Parcel # 31.0842.000
Any person desiring to com-
ment on these matters is invited
to do so in writing or orally at the
time of the public hearing. In-
quiries should be directed to Cyn-
thia Smith-Strack, Zoning Admin-
istrator, at 507-964-2378 during
normal business hours. Written
comments should be sent to the
Zoni ng Admi ni strator at 204
Shamrock Drive, Arlington MN
/S/ Cynthia Smith-Strack
Cynthia Smith-Strack,
P&Z Administrator
Publish: May 15, 2014
The Arlington Planning & Zon-
ing Committee will meet and con-
duct a public hearing on Tuesday,
June 3, 2014 at 7:01 p.m. or as
soon thereafter, in the City Hall
Council Chambers, 204 Sham-
rock Drive. The purpose of the
public hearing is to take oral and
written comments on a proposed
preliminary plat which is a re-sub-
division of a portion of the Arling-
ton Industrial Park plat.
The proposed plat will have the
following effect:
1. Adjust boundary lines for
property owned by Hutchinson
Cooperative and Scott Equip-
2. Vacate an unused uti l i ty
3. Establish an easement over
an existing utility main, and
4. Simplify legal descriptions
for subject properties.
Any person desiring to com-
ment on this matter is invited to
do so in writing or orally at the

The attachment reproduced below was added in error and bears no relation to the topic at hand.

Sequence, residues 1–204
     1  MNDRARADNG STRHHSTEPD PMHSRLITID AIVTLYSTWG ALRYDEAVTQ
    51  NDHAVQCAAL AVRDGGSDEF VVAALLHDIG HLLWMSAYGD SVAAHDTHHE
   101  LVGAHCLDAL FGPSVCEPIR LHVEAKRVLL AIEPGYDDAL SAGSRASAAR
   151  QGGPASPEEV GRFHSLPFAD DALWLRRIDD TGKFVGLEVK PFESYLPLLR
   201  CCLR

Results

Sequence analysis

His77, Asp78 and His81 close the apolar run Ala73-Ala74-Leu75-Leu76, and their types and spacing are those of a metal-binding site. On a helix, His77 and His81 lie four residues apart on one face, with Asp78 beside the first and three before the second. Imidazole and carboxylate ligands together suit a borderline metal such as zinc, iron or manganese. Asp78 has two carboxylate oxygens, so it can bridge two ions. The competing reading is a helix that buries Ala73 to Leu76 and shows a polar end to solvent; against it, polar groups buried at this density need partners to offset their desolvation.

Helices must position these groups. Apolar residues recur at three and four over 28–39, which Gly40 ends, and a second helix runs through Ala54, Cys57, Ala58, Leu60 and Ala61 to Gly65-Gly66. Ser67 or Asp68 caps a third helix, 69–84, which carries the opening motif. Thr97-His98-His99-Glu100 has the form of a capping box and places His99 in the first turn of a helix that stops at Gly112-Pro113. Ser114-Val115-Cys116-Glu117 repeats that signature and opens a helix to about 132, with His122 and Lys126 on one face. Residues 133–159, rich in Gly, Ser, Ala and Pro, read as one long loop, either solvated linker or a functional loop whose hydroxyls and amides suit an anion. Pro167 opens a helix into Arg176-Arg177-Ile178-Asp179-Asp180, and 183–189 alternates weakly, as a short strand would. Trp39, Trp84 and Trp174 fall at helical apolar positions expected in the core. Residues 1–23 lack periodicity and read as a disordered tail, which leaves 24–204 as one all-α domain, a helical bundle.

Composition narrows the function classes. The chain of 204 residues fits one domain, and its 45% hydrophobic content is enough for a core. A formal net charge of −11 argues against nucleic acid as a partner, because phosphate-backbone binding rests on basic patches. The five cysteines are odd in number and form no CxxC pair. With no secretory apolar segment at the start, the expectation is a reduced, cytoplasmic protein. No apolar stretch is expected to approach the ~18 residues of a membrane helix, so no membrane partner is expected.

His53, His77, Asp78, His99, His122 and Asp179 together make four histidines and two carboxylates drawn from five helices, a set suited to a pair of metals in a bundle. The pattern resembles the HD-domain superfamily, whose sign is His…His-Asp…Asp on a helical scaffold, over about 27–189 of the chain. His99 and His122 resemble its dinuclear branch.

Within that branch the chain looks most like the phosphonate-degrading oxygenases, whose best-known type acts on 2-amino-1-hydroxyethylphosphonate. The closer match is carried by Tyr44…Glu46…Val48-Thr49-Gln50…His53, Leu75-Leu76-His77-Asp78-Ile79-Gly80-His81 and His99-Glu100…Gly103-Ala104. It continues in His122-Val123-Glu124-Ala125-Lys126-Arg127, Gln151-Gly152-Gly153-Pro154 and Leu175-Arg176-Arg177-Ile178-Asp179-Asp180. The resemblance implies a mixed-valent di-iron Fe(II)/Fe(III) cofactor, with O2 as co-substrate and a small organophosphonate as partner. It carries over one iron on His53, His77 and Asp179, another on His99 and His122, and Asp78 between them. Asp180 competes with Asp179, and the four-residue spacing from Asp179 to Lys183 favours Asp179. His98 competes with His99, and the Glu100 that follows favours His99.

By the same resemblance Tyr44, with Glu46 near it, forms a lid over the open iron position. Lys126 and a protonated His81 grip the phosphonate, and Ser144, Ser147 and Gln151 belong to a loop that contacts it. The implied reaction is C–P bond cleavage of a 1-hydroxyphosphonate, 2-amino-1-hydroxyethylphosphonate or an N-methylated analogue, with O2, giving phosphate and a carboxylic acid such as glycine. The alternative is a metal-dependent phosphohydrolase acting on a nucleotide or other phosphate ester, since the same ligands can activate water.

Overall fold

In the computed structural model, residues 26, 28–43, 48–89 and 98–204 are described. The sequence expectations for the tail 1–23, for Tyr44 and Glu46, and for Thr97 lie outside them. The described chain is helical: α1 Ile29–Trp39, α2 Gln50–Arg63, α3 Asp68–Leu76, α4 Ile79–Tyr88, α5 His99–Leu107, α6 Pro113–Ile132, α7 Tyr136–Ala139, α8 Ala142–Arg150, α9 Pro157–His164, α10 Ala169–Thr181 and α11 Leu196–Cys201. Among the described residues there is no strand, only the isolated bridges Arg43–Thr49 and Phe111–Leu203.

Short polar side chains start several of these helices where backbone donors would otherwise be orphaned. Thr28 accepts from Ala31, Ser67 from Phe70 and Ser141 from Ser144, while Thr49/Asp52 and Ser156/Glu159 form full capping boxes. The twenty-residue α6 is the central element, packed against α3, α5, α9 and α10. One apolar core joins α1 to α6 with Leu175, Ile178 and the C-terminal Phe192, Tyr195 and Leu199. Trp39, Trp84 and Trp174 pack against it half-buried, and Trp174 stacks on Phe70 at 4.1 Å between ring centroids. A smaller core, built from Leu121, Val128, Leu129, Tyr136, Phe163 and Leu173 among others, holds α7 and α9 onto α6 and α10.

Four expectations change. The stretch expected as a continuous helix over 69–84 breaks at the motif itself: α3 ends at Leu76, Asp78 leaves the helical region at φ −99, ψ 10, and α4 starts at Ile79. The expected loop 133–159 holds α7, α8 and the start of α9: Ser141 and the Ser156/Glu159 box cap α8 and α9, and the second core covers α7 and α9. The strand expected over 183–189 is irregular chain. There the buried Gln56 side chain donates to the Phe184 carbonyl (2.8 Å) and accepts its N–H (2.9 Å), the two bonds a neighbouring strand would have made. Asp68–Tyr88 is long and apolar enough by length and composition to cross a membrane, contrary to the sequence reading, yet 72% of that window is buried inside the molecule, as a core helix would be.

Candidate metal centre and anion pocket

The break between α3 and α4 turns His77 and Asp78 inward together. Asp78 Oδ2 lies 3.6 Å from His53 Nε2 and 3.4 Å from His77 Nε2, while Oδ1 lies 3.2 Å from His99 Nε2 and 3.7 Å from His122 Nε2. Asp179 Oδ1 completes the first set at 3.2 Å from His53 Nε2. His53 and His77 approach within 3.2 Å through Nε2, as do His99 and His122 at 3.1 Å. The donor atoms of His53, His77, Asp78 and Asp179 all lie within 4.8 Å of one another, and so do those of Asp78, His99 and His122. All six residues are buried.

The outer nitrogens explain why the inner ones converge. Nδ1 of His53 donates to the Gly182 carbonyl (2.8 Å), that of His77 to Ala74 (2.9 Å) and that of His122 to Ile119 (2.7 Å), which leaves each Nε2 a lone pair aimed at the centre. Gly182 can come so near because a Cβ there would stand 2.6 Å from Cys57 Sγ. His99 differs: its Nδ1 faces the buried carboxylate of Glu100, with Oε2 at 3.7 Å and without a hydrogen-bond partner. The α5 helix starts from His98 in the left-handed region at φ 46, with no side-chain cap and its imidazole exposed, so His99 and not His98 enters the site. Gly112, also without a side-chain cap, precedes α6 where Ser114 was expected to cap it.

time of the public hearing. Written
comments should be directed to
Cynthia Smith-Strack, P&Z Ad-
ministrator, City of Arlington, 204
Shamrock Drive, Arlington MN
55307. A complete copy of the
proposed preliminary plat is avail-
able for review at Arlington City
Hal l duri ng normal busi ness
/S/ Cynthia Smith-Strack
Cynthia Smith-Strack,
P&Z Administrator
Publish: May 15, 2014
Certificate of
Assumed Name
ASSUMED NAME: kathleen-
NESS: 20248-365 Ave Green
Isle MN 55338 USA
Olson Harjes Address: 20248-
65 Ave, Green Isle, MN 55338
By typing my name, I, the un-
dersigned, certify that I am
signing this document as the
person whose signature is re-
quired. I further certify that I
have completed all required
fields, and that the information
in this document is true and
correct and in compliance with
the applicable chapter of Min-
nesota Statutes. I understand
that by signing this document I
am subject to the penalties of
perjury as set forth in Section
609.48 as if I had signed this
document under oath.
SIGNED BY: Kathleen Olson
TICES: idaho3.kh@gmail.com
Publish May 15 and 22
By Kurt Menk
The Arlington A’s base-
ball team, under the direc-
tion of co-managers Josh
Nelson and Dan Chies,
opened its season with two
wins last weekend.
The A’s will travel to Wa-
tertown at 7:30 p.m. Friday,
May 16. Arlington will also
travel to Chaska at 6 p.m.
Sunday, May 18. In addi-
tion, the A’s will host
Shakopee at 7:30 p.m. Tues-
day, May 20.
Arlington 7
Veseli 6
The Arlington A’s base-
ball team, in its season
opener, edged visiting
Veseli 7-6 in 11 innings on
Friday night, May 9.
Josh Nelson scored the
game-winning run on a dou-
ble off the bat of Matt
Pichelmann in the bottom of
the 11th inning.
Shane Henke sparked the
offensive attack with three
hits. Michael Bullert and
Dan Chies collected two